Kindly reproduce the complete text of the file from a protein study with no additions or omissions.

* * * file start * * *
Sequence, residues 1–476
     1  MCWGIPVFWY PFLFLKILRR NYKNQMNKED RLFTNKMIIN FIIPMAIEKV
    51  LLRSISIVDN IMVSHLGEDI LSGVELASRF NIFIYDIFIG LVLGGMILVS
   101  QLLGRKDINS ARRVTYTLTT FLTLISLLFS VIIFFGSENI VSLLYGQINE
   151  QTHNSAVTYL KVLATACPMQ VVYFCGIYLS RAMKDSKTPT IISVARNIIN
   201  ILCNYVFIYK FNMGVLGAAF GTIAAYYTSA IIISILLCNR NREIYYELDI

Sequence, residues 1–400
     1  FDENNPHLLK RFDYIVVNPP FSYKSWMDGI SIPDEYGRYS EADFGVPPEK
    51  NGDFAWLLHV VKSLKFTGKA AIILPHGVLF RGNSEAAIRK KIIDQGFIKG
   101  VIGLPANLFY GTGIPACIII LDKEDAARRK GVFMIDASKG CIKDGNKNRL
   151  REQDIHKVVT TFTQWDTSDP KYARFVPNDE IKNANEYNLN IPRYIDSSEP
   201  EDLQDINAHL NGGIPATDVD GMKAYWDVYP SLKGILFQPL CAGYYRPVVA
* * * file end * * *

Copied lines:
Sequence, residues 1–476
     1  MCWGIPVFWY PFLFLKILRR NYKNQMNKED RLFTNKMIIN FIIPMAIEKV
    51  LLRSISIVDN IMVSHLGEDI LSGVELASRF NIFIYDIFIG LVLGGMILVS
   101  QLLGRKDINS ARRVTYTLTT FLTLISLLFS VIIFFGSENI VSLLYGQINE
   151  QTHNSAVTYL KVLATACPMQ VVYFCGIYLS RAMKDSKTPT IISVARNIIN
   201  ILCNYVFIYK FNMGVLGAAF GTIAAYYTSA IIISILLCNR NREIYYELDI

Sequence, residues 1–400
     1  FDENNPHLLK RFDYIVVNPP FSYKSWMDGI SIPDEYGRYS EADFGVPPEK
    51  NGDFAWLLHV VKSLKFTGKA AIILPHGVLF RGNSEAAIRK KIIDQGFIKG
   101  VIGLPANLFY GTGIPACIII LDKEDAARRK GVFMIDASKG CIKDGNKNRL
   151  REQDIHKVVT TFTQWDTSDP KYARFVPNDE IKNANEYNLN IPRYIDSSEP
   201  EDLQDINAHL NGGIPATDVD GMKAYWDVYP SLKGILFQPL CAGYYRPVVA